HPE HPE Fresenius Kabi handbook - Page 9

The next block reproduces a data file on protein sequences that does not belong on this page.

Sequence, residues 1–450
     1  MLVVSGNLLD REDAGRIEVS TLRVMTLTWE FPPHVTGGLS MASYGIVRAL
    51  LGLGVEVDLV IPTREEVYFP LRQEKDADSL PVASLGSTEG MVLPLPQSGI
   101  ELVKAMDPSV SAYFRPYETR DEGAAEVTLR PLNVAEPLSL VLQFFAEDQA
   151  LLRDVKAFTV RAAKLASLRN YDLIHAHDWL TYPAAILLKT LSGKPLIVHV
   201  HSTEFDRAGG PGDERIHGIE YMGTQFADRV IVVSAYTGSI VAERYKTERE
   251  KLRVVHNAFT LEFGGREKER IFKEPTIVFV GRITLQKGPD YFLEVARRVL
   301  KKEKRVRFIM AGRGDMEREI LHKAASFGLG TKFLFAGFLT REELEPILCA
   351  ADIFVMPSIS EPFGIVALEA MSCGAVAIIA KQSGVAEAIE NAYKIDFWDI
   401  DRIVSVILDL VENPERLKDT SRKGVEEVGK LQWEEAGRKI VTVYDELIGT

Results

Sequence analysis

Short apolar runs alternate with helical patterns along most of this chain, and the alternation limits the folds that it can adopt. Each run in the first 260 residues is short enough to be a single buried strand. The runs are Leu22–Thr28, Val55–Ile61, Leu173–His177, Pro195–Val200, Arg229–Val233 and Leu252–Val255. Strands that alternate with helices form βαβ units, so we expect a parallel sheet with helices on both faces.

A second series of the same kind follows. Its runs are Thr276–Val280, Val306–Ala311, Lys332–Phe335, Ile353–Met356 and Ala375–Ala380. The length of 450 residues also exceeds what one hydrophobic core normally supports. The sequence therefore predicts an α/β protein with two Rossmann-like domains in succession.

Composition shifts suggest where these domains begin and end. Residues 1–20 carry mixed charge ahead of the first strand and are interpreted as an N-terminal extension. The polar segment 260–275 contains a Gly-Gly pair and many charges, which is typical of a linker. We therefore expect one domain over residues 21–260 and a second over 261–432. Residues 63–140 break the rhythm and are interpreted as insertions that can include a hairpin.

DEVELOPMENT Concepts and principles: Development in depth In this article, key concepts and principles in the evaluation and approval of biosimilars are explained Olga Delgado Sanchez PharmD Head of Pharmacy Department, Coordinator of Pharmacy, Health Products and Medicines Policy, University Hospital Son Espases, Palma de Mallorca, Spain The European Medicines Agency (EMA) defines a biosimilar as a biologic medicine that is similar to an original medicine that has already been authorised for use in terms of quality characteristics, biological activity, safety, and efficacy. 1,2 Core concepts in the development of biosimilars include: • Extrapolation • Comparability • Immunogenicity • Interchangeability/risk assessment • Timelines. Extrapolation Extrapolation is a key issue of biosimilar development and relates to extending the findings from one set of conditions to another, such as extending and applying the safety and efficacy data from clinical studies regarding one indication (medical condition) to another indication, or extending data from clinical studies in one population (for example, adults) to another (for example, children). Extrapolation concerns four different aspects – efficacy, safety, immunogenicity and interchangeability – and might relate to the indication, population or both. Much debate has centred on which data are required to grant an approval for the extrapolated indications of the reference product. 1,3 In clinical testing, regulators want to confirm the similarity of the molecules in disease indications; they do not TABLE 1 Rationale for indication extrapolation • Extrapolation is possible based on the overall evidence of comparability provided from the comparability exercise and with adequate justification • If pivotal evidence for comparability is based on pharmacodynamics and different mechanisms of action (or uncertainty exists) for the claimed indications, then applicants should provide relevant data to support extrapolation to all claimed clinical indications • Extrapolations should be supported with a comprehensive discussion of available literature including the involved antigen receptor(s) and mechanism(s) of action want to reassess the clinical benefit of the drug per se. European guidance states that, if adequately justified, biosimilars can receive all authorised indications of the reference product, even though comparative clinical data are only provided for a subset of those authorised indications. 3–6 Extrapolation is possible based on the overall evidence of comparability provided from the comparability exercise and with adequate justification. If pivotal evidence for comparability is based on pharmacodynamics, and different mechanisms of action are relevant (or uncertainty exists) for the claimed indications, then relevant data to support extrapolation for all the clinical indications claimed are required. Applications for extrapolations should also be supported by comprehensive discussion of the available literature, including the involved antigen receptor(s) and mechanism(s) of action. The scientific justification of extrapolation should address: • mechanism of action • biodistribution • immunogenicity • expected toxicities in each patient population. Additionally, any other factor that might affect the safety, efficacy, or immunogenicity of the product in each (approved or claimed) indication should be addressed. Supporting clinical data in a sensitive and representative population are therefore critical to justify extrapolation to other indications. This is a crucial consideration, because if clinical trials were to be conducted in each indication, the breadth of biosimilar development programmes would effectively negate the advantages of an abbreviated approval pathway based on developing a product that is highly similar to a reference product with an established risk–benefit profile. 7 Table 1 shows rationale for extrapolation as indicated by the European Medicines Agency (EMA). Understanding the manufacturing process To better understand the reasoning behind the approval process allowing for the extrapolation of indications, the biosimilar manufacturing process must be fully understood (for further details refer to to the article on manufacturing in this handbook). Biosimilars are systematically engineered to match the reference product in both structure and function. Process optimisation toward similarity and precise control during manufacturing to maintain similarity are important to ensure the quality of biosimilars, as is employing suitable test systems, especially those yielding the best results for hospitalpharmacyeurope.com | 2019 | 9